The Inimitable Latin Quarter of Paris


xmanoel on Flickr Paris Quartier Latin 2



How do I love thee, Quartier Latin? Let me count the ways: Students. Chilled rosé at a sidewalk café. Students. Reveling in the Bohemian joie de vivre. Students. Chantilly-cream crêpes from a street stand. Students. Browsing fascinating museums like the Orsay and the mediaeval Cluny. Students. Selecting exquisite hand-crafted bonbons in a side-street chocolatier.  Students.

Repetitive? Well, not too surprising, really: on the Left Bank of the Seine, home to not just the University of the Sorbonne but to at least a half-dozen more institutions of higher learning, it’s these, ahem,  studious youngsters who truly bring this patch of Paris’ 5th and 6th arrondissements to vibrant life. And while the city as a whole is famously sophisticated and bourgeois—and correspondingly pricey—it’s also thanks to young people that the Latin Quarter is the most affordable of areas popular with tourists.

The Quarter’s name dates back to the 13th century, a time when Latin was pretty much the universal academic language of Europe, and therefore of the Sorbonne, its main building on a lovely plaza graced with fountains and chattering twentysomethings.

David Monniaux Paris Quartier Latin FlickrBefore them, these streets and plazas were trod by intellectuals such as Ernest HemingwaySimone de Beauvoir and Jean-Paul Sartre—and of course let’s not forget the students who battled police during the tumultuous weeks of strikes and civil unrest in May 1968. As a visitor, you’ll never tire of strolling amid the bookshops, clothing boutiques, and cafés of the Quarter’s main boulevards, Saint-Germain and Saint-Michel, the majestic fruits of the gentrification masterminded by Baron Haussmann in the 19th century.

Make your way through the Marché Mouffetard, a little street market that adds some wonderfully colourful notes to the Quarter. Sit a spell (if you can find a spot) at the grandiose fountain of the Place Saint-Michel, depicting the Archangel Michael vanquishing Satan, and perhaps pop into one of the neighbouring bars. A spot of coffee? Sip it at the reknowned Art Deco Café du Flore (172 Boulevard Saint-Germain). Peckish for a crêpe? Look for stands or establishments with lines, or try Paradis (64 Rue Mouffetard) or Crêperie de Cluny (20 Rue de la Harpe).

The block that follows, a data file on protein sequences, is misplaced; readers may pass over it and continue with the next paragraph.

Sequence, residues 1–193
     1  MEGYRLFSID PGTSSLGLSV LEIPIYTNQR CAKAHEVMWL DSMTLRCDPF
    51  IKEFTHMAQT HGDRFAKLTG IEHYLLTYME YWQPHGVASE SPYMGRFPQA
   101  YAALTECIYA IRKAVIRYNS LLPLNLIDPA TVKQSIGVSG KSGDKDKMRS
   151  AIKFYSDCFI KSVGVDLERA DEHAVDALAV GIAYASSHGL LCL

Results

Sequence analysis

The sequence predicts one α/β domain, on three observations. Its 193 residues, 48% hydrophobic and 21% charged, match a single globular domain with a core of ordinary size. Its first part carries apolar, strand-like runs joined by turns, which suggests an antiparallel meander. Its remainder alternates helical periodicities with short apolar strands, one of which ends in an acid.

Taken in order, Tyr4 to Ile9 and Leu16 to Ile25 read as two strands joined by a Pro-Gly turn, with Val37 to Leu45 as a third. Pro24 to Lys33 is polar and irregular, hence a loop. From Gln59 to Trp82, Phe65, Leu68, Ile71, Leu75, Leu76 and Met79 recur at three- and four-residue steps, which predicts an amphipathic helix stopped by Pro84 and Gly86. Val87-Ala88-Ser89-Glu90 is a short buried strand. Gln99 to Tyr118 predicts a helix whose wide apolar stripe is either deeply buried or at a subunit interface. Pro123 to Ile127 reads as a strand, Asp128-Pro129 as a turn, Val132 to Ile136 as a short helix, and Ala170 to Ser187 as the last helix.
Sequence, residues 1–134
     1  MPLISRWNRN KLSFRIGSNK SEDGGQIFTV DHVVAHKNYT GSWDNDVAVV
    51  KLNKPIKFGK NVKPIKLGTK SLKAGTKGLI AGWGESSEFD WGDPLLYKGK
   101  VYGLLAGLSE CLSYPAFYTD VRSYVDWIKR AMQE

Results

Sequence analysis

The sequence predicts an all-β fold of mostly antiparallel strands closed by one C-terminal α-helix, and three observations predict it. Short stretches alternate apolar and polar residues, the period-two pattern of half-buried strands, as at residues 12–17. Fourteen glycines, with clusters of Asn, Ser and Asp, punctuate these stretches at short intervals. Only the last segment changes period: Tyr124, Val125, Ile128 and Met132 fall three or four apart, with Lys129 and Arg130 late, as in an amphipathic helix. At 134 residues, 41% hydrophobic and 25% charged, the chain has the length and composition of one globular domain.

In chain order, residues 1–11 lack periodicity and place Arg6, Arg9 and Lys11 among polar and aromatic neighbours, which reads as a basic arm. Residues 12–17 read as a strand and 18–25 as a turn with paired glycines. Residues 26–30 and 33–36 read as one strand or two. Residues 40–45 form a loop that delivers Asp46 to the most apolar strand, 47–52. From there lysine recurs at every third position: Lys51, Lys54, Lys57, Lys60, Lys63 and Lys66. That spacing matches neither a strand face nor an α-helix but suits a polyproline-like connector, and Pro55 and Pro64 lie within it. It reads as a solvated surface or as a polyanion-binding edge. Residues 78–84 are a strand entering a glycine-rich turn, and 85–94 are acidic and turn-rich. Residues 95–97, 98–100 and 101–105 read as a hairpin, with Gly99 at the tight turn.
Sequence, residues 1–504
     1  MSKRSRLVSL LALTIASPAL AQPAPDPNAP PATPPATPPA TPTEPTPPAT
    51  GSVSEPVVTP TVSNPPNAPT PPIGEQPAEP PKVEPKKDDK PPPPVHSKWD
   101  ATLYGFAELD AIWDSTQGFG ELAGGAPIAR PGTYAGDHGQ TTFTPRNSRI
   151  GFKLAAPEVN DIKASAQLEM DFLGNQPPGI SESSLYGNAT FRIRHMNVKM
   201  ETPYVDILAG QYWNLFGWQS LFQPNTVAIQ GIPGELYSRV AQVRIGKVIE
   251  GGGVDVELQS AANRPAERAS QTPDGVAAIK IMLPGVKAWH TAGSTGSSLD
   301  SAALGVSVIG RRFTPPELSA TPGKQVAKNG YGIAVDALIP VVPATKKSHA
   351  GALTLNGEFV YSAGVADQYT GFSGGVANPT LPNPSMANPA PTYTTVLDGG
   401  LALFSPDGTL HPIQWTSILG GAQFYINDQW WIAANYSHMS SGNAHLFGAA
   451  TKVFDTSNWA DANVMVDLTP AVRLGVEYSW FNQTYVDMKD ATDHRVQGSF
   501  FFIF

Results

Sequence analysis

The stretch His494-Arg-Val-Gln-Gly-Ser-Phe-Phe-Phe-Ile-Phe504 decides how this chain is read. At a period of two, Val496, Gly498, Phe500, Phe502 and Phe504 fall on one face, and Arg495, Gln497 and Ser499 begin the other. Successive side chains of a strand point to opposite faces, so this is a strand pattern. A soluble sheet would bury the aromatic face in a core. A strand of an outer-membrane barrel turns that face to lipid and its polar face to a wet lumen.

As for sights and things to do, many places you go hereabouts you’ll spot the unmistakable neoclassical cupula of the Panthéon, the huge, grand mausoleum where you can pay your respects to some of France’s greatest of greats, including Voltaire, Marat, Jean Monnet, Victor Hugo and Marie Curie (the only woman). Explore the Sainte-Geneviève Library, housing the exquisite collection of a famous demolished abbey, and the nearby church of Saint-Étienne du Mont, housing the shrine of the library’s namesake, St. Geneviève, the patron saint of Paris.

Here and there you’ll come across little cobblestone streets that managed to escape the tender mercies of Baron Haussman, as well as impressive open spaces such as the stately Luxembourg Gardens, which besides formal gardens is home to sundry statuary, fountains, a café, performance and exhibition spaces, and most notably the Senate of the French republic. During the course of your day you’ll also want to work in a visit to at least one of the Quarter’s distinguished museums such as the Orsay, the Museum of the Middle Ages (aka the Cluny), the Musée Curie, or the Arab World Institute, this last an 11-storey, modern glass block with a terrace affording some fab free views over Notre Dame cathedral and the cityscape of central Paris.

And once night falls, of course, around here it’s all about students, beer, students, wine, students, cocktails…and so on into the wee hours. Maybe not too surprisingly, beaucoup de students but not nearly as much studying.

Useful Facts

  • Paris has more than 2 million inhabitants.
  • The city’s climate is oceanic semicontinental, with four distinct seasons. In winter temperaturas usually don’t drop below 41° Fahrenheit (5° Celsius) and in summer rarely rise above 86°F (30°C).
  • The currency is the euro.
  • Iberia operates up to 10 flights a day to Paris from Madrid as well as direct flights from  Leon, Burgos, Valladolid, Salamanca, Albacete and Badajoz (the last two in summer only). In addition, at you can book a transfer from Orly airport  into Paris or to Disneyland from 17€ each way.



inset photo | David Monniaux